Like many other things by Pynchon, I started and stopped reading Gravity’s Rainbow many, many times. I love long novels, and I love being challenged to fight through them at certain points almost against my will. If it’s all too easy, I turn brain-dead. But there also must be something dragging underneath—a brutal balance, I know. I think I gave up on Pynchon’s masterpiece around page 50 the first time I gave it a try, coming back months later to begin again, newly determined, only to fail only slightly further in. Then, as an undergrad, I took a class where the novel was assigned and found how around page 300, if you’re still there, the book really opens up. It’s like a gift to the steadfast, suddenly building off of everything that seemed like only mortar fire before. I think I was the only person in the class who actually read it all. Years later, I look back on the novel as one of my favorite reading experiences ever, one that changed the way I think about what plot and language can do together when wielded by a totally brilliant insane hermit.
Pnin by Vladimir Nabokov
I bought Pnin, I think, because I thought I should, or something. I was about to go to grad school for writing, and for some reason I ended up at the bookstore with a handful of things that seemed like things I should have already read, as if when I pulled up on campus there’d be an investigator waiting for me, ready to interrogate me on my knowledge of Russian literature. I think I made it one-third of the way through Pnin before I realized I didn’t like it, it didn’t matter if I continued, life is too short. Whereas with Pynchon I felt like continuing against my will would give me something, nothing in Pnin seemed alive.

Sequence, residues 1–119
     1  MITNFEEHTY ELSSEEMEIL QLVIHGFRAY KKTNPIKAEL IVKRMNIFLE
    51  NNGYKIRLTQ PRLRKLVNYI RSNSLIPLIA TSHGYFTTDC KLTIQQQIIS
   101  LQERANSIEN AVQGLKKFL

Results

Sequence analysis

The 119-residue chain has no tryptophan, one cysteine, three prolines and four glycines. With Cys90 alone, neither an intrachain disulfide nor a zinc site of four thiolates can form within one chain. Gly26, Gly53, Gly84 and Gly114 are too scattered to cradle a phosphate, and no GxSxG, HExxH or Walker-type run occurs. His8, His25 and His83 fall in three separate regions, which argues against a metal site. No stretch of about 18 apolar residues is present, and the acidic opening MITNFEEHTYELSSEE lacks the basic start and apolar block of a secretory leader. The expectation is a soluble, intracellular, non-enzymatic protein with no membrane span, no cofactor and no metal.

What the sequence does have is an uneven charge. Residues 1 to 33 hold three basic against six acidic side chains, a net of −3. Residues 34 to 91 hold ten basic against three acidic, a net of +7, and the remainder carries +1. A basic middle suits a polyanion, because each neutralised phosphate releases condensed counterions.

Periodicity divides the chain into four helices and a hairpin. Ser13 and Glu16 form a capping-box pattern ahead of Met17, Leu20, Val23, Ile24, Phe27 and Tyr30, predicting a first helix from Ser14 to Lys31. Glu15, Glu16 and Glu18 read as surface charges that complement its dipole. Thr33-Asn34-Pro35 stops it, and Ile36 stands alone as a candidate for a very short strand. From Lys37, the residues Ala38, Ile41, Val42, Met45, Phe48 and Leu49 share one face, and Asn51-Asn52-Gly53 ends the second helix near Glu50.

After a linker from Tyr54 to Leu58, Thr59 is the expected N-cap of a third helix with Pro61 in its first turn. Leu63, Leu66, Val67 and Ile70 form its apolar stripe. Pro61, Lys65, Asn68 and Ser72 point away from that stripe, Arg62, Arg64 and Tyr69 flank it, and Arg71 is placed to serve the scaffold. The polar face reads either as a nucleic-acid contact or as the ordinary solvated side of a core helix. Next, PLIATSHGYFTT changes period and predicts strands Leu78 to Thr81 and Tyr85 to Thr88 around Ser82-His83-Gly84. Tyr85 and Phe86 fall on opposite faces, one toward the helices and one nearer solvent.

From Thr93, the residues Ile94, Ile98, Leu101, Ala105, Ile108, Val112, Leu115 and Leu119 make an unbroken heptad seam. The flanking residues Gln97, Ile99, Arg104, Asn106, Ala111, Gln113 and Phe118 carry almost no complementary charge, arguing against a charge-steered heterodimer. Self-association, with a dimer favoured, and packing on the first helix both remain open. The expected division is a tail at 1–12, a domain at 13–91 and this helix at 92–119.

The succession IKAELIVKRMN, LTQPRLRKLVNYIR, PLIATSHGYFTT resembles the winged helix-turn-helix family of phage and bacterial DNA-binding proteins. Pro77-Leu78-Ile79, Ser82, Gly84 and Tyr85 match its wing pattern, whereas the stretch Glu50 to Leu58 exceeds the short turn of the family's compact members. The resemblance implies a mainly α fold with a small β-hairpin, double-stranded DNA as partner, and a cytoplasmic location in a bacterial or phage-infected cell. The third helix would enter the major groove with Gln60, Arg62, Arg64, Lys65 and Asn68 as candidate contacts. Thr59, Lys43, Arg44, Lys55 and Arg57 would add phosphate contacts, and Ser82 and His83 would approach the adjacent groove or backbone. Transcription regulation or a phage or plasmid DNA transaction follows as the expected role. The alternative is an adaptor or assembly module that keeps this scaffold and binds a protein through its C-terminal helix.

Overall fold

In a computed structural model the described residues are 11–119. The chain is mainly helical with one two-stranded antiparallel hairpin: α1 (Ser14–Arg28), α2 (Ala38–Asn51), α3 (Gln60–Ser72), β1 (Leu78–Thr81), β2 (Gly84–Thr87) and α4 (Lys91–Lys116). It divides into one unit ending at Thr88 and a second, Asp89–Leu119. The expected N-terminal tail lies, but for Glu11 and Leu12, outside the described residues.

Pulphead by John Jeremiah Sullivan
Pulphead actually pisses me the fuck off. Not being engrossed with a book is one thing, but actually hating—hating—what something does is another. This one received an onslaught of glowing reviews when it was released, calling Sullivan the second coming of David Foster Wallace, in so many words. Me being a buttface, I had to find out for myself what all the hype was about. I honestly wanted it to be what others had claimed it was. I try to approach anything, no matter how much it might seem like something I don’t like, with an eye open to the possibility that it could be what I never expected. And yet in all the ways that Wallace’s essays shined, Sullivan just kind of paced, bumbled around. The author seemed more interesting in the idea of what he was writing than what was being said—like he was trying to say, see, I can do anything. But he just didn’t have the chops. There’s an essay in there on “The Miz,” from MTV’s The Real World, and later the WWE, following his adventures as a marketing tool via post-reality-TV stardom, and yet every observation seems half-baked, a shallow trough around a dolled up premise. Each essay made me more angry than the last, and I was totally confused as to how such an uninspiring array could be called anything like the next great whatever. Finally, about halfway through, I got so mad I think I gave the book away to a friend, promising, “Read this book. You’ll hate it.” I think he liked it a lot.
A brief list of other books I’ve given up on:
A Fan's Notes by Frederick Exley
How To Be Alone by Jonathan Franzen
Godel, Escher, Bach by Douglas Hofstadter
Vernon God Little by DBC Pierre
You Are Not A Stranger Here by Adam Haslett
Oh the Glory of It All by Sean Wilsey
The World Made Straight by Ron Rash
Meeting Evil by Thomas Berger
Mr. Peanut by Adam Ross
The Book of Illusions by Paul Auster
Fear of Music by Jonathan Lethem
Previously by Blake Butler - Reviews of Churches That Won't Stop Growing